WASHINGTON — More than 20 years after banning prisoners from receiving student aid, some federal and state inmates could be eligible for Pell grant money to take college courses while still behind bars.
Education Secretary Arne Duncan and Attorney General Loretta Lynch announced the administration's new Second Chance Pell Pilot program during a visit Friday to the Maryland Correctional Institution in Jessup, Maryland.
"America is a nation of second chances," Duncan said. "Giving people who have made mistakes in their lives a chance to get back on track and become contributing members of society is fundamental to who we are. It can also be a cost-saver for taxpayers."
The program will allow, on a temporary basis, federal grants to be used to cover college costs for prisoners for the first time since Congress excluded them from student aid in 1994. It will last three to five years and be open to prisoners who are eligible for release, particularly within the next five years. Inmates could be eligible for the money as early as the fall of 2016.
Pell grants are for low-income people and do not have to be repaid.
Republicans were quick to criticize the program, saying it rewards people who break the law at the expense of hard-working Americans and that the administration doesn't have authority to act without an OK from Congress.
GOP Rep. Chris Collins of New York introduced legislation to block Pell money from being used in the experimental program, saying it will "put the cost of a free college education for criminals on the backs of the taxpayers."
A Republican committee chairman, Sen. Lamar Alexander, R-Tenn., said the idea may be worthwhile for some prisoners, "but the administration absolutely does not have the authority to do this without approval from Congress, because the Higher Education Act prohibits prisoners from receiving Pell Grants." Alexander, chairman of the Committee on Health, Education, Labor and Pensions and an education secretary under President George H.W. Bush, said the administration should focus on existing job training and re-entry programs.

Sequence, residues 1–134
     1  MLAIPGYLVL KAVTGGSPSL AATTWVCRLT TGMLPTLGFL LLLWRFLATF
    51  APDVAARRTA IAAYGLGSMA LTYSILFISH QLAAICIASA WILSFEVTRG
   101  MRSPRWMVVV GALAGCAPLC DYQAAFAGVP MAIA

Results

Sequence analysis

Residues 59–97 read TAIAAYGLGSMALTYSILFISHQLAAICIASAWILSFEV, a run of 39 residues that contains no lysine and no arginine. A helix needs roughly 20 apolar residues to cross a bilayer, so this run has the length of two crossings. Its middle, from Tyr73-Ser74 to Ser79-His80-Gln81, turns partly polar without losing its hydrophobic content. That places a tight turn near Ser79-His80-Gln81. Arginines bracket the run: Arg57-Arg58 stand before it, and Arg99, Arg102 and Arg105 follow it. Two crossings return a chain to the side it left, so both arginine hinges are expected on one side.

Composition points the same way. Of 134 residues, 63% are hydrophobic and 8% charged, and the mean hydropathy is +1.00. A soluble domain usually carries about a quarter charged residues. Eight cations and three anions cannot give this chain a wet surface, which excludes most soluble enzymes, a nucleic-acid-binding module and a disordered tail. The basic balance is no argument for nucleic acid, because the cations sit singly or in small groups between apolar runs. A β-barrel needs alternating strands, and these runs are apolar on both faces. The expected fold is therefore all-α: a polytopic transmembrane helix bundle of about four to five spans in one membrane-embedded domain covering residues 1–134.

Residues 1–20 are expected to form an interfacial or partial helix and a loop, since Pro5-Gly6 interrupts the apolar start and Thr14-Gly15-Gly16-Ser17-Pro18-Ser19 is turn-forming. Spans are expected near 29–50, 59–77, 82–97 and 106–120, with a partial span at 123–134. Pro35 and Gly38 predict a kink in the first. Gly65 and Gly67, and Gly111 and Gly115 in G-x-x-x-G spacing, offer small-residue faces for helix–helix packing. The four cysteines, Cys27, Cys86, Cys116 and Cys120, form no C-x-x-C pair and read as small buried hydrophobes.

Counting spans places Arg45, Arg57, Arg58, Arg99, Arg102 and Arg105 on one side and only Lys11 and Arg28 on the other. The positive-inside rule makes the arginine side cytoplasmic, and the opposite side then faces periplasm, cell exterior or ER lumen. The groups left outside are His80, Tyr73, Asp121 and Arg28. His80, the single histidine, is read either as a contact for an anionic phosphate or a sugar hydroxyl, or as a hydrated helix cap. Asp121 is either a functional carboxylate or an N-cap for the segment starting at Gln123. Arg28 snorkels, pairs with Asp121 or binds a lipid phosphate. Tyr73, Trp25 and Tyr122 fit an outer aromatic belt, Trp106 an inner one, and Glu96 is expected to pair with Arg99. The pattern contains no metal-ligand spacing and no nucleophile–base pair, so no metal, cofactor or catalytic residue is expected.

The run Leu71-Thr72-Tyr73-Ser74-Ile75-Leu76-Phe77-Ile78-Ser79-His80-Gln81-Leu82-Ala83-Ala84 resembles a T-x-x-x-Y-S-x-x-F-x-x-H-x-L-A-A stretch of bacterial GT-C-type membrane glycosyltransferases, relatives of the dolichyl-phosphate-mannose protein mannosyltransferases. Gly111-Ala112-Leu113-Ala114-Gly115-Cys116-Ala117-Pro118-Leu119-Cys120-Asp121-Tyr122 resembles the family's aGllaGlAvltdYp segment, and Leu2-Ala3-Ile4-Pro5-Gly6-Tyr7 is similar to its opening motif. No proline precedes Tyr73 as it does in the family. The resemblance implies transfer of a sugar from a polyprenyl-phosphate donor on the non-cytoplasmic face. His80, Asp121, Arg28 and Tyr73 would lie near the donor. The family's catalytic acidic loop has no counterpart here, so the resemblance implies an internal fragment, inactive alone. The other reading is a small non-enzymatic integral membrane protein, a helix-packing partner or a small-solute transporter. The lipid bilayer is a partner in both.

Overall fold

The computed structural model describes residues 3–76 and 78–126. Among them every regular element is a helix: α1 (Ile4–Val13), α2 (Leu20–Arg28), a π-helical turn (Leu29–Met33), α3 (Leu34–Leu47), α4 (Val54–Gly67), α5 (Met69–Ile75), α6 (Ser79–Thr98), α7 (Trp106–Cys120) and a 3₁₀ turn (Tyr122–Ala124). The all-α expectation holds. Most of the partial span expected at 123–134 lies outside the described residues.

Congress passed legislation in 1994 banning government student aid to prisoners in federal or state institutions. But the Education Department said it can set up the temporary pilot program because of the experimental sites section of the Higher Education Act of 1965. It gives federal officials flexibility to test the effectiveness of temporary changes to the way federal student aid is distributed.
Undersecretary of Education Ted Mitchell said the ban is over 20 years old, and "we think that a lot has changed" since then. He said the pilot program will help provide data to see if the ban should still stay in place. Mitchell said the program will "not compromise or displace any Pell grant eligibility for any other populations."
As the end of his presidency draws closer, President Barack Obama has taken on criminal justice reform more aggressively, taking executive action as well as pushing for new legislation. Some of those initiatives have attracted bipartisan interest, as Republican presidential candidates including Kentucky Sen. Rand Paul and New Jersey Gov. Chris Christie promote the need for changes in the justice system.
Earlier this month, Obama commuted the sentences of 46 nonviolent drug offenders — the most commutations a president has issued on a single day in at least four decades. He also ordered a federal review of the use of solitary confinement, called for voting rights to be restored to felons who have served their sentences, asked employers to stop asking job candidates about past convictions and urged that long mandatory minimum sentences now in place be reduced or discarded entirely.
Supporters of the administration's Pell pilot program point to a 2013 Rand study that found incarcerated people who took part in prison education programs were 43 percent less likely to return to prison within three years than prisoners who didn't participate in any correctional education. For every dollar invested in correctional education programs, Rand estimates that four to five dollars are saved on three year re-incarceration costs.
The Education Department did not provide any estimates on how many prisoners might participate in the pilot program. Mitchell said the costs will be "modest" but he was not able to put a dollar figure on the program.
The federal Pell program provided grants ranging from $582 to $5,645 to more than 8.6 million students in 2013-2014, according to the department. The maximum award for the current 2015-2016 school year is $5,775.
The Maryland Correctional Institution that Duncan and Lynch visited has a partnership with nearby Goucher College. More than 70 prisoners are enrolled in Goucher College through the school's Prison Education Partnership, which began classes for prisoners in 2012 and does not receive public funding.
Goucher is part of the Consortium for the Liberal Arts in Prison, based at Bard College in New York. Wesleyan University in Connecticut and Grinnell College in Iowa also are part of the consortium.
Associated Press writer Josh Lederman contributed to this report.